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Risk Management and Inter-Bank Dealings
A.P.(DIR Series) Circular No.19 (January 24, 2002)

RESERVE BANK OF INDIA
EXCHANGE CONTROL DEPARTMENT
CENTRAL OFFICE
MUMBAI 400001

 

A.P.(DIR Series) Circular No.19

January 24, 2002

To

All Authorised Dealers in Foreign Exchange

Dear Sirs/Madam,

Risk Management and Inter-Bank Dealings

Attention of authorised dealers is invited to the Reserve Bank Notification No.FEMA/25/2000-RB dated May 3, 2000.

2. Directions relating to forward exchange cover and other derivative products, Rupee Accounts of non-resident banks and inter-bank dealings, are contained in the enclosure. These directions supercede the existing instructions, namely, :

    1. Chapter 3 (Part C & D and Annexure II) of ECM,
    2. Chapter 5 (Part A & B and Annexure) of ECM,
    3. Instructions contained in A.D.(M.A. Series) Circular No.1 dated January 19, 2000.

3. Detailed guidelines contained in Part B and C of the enclosure are being issued as required under Regulation 6 of the Reserve Bank Notification No.FEMA/5/2000-RB dated May 3, 2000, which permits authorised dealers to keep deposits with his branch, head office or correspondent outside India and also to accept deposit kept by a branch or correspondent outside India of an authorised dealer and hold in its books in India.

4. Authorised dealers may bring the contents of this circular to the notice of their constituents concerned.

5. The directions contained in this circular have been issued under Section 10(4) and Section 11(1) of the Foreign Exchange Management Act, 1999 (42 of 1999).

 

Yours faithfully,

Grace Koshie

Chief General Manager

PART – A

RISK MANAGEMENT

Section I

Facilities for Residents other than authorised dealers:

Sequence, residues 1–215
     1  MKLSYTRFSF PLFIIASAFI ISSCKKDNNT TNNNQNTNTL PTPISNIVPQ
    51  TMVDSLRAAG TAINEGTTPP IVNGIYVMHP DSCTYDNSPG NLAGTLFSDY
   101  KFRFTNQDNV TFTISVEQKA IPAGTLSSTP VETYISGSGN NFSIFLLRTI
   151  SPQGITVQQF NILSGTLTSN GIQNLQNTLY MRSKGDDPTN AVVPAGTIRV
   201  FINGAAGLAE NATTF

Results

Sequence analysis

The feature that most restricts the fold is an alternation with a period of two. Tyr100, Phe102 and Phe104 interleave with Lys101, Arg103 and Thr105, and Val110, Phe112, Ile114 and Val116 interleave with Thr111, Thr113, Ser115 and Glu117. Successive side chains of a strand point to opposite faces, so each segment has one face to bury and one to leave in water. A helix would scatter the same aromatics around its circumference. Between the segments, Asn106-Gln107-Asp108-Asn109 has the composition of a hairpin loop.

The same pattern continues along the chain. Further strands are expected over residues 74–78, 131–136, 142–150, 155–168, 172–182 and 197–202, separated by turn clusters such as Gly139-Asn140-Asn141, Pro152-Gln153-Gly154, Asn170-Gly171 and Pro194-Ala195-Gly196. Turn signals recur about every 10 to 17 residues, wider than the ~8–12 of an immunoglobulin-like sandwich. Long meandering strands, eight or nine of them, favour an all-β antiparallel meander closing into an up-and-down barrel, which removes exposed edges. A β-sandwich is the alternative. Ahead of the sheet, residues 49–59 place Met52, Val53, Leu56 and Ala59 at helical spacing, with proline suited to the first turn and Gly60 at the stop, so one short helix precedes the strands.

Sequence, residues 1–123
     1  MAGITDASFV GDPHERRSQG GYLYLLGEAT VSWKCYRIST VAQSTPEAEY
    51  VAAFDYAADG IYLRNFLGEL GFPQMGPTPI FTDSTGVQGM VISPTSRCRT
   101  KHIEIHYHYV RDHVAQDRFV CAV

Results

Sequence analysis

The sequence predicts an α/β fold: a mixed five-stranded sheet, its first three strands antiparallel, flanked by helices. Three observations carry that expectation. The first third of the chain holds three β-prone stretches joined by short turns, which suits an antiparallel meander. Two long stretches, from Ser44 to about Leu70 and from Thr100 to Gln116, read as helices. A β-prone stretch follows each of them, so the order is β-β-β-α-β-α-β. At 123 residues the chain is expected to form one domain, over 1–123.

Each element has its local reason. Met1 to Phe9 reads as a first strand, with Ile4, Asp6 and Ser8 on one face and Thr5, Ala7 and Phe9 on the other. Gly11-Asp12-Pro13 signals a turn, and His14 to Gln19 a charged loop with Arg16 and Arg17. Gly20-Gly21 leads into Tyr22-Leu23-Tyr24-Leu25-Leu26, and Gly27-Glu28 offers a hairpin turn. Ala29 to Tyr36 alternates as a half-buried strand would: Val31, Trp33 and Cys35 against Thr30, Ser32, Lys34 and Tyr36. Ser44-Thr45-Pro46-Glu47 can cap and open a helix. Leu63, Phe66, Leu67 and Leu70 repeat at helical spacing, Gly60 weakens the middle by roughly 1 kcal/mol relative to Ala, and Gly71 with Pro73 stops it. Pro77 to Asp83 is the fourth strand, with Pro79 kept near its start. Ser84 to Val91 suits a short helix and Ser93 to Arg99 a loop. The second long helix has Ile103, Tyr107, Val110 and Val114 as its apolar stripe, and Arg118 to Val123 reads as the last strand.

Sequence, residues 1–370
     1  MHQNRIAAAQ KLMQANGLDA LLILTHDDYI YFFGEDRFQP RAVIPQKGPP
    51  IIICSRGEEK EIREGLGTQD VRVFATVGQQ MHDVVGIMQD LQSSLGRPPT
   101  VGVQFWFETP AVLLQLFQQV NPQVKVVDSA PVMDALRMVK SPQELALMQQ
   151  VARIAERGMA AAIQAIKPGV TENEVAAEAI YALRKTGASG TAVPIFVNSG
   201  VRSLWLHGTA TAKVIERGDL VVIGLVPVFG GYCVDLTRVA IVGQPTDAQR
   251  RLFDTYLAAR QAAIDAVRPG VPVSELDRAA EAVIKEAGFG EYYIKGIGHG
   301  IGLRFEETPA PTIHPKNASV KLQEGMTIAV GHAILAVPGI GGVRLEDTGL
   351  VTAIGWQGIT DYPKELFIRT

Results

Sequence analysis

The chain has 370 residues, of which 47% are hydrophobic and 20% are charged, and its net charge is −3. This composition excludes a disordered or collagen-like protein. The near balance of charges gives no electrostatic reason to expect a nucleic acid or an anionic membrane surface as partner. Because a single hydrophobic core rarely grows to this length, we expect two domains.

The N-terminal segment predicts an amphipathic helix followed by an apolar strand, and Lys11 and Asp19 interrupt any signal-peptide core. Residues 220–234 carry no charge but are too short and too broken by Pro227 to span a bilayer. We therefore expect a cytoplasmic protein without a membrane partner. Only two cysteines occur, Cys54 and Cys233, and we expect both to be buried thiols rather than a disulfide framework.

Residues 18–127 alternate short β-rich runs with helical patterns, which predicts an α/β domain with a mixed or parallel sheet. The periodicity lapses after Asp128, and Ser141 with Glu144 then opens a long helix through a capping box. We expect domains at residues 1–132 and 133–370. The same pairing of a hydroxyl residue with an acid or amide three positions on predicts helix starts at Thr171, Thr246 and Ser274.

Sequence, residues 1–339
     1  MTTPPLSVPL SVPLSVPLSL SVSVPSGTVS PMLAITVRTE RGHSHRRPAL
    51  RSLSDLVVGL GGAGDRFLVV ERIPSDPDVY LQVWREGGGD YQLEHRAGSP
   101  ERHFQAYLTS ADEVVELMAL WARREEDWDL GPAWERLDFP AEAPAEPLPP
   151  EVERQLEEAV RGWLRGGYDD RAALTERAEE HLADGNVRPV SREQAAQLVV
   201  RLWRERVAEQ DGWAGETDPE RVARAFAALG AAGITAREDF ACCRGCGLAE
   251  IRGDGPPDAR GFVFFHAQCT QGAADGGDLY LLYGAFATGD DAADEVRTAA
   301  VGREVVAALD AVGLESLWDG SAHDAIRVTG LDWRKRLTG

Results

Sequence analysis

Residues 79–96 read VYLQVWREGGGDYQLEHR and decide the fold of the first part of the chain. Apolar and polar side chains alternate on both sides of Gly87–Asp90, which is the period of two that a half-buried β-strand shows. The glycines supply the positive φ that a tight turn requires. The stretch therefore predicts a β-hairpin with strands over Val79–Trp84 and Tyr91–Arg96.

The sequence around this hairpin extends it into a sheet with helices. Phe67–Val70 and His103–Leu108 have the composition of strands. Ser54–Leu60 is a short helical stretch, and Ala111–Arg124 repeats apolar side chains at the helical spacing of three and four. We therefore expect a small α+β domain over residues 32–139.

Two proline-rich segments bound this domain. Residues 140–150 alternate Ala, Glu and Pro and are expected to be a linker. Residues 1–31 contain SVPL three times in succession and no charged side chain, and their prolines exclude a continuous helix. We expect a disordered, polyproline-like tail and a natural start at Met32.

Forward Exchange Contracts

A.1(i) Authorised dealers may enter into forward contracts with residents in accordance with the provisions contained in paragraph 1 of Schedule I to Reserve Bank Notification No. FEMA25/RB-2000 dated 3rd May 2000.

(ii) While booking contracts for their constituents, authorised dealers should verify suitable documentary evidence, irrespective of the underlying transaction being a current account transaction or a capital account transaction, to ensure that an exposure exists, to the extent of the amount of cover sought. Full particulars of contract should be marked on such documents under proper authentication and copies thereof retained for verification.

A.2 Authorised dealers may also allow importers and exporters to book forward contract on the basis of a declaration of an exposure and based on past performance subject to the conditions prescribed by Reserve Bank of India in this regard.

A.3 A forward contract cancelled with one authorised dealer can be rebooked with another authorised dealer subject to the following conditions:

    1. the switch is warranted by competitive rates on offer, termination of banking relationship with the authorised dealer with whom the contract was originally booked, etc.
    2. the cancellation and rebooking are done simultaneously on the maturity date of the contract
    3. the responsibility of ensuring that the original contract which has been cancelled rests with the authorised dealer who undertakes rebooking of the contract.

Contracts other than Forward contracts

A.4 (i) Authorised dealers in India may enter into contracts other than forward contracts with residents in India in accordance with the provisions contained in paragraph 2 of Schedule I to the Reserve Bank Notification No. FEMA 25/RB-2000 dated 3rd May 2000.

(ii) Authorised dealers should ensure that the Board of Directors of the corporate has drawn up a risk management policy, laid down clear guidelines for concluding the transactions and institutionalize the arrangements for a quarterly review of operations and annual audit of transactions to verify compliance with the regulations. The quarterly review reports and the annual audit reports should be obtained from the concerned corporate by the authorised dealers.

(iii) Authorised dealers may forward a report containing full details of the transactions undertaken by residents in terms of Paragraph 2 of Schedule1 to the Regional Office of the Reserve Bank within whose jurisdiction it is functioning, within a week of its conclusion.

(iv) Foreign currency – rupee swaps between corporates who run long-term foreign currency or rupee exposures may be arranged by authorised dealers subject to the conditions prescribed by the Reserve Bank of India.

NOTE : Authorised dealers should not allow the swap route to become a surrogate for forward contracts for those who do not qualify for forward cover.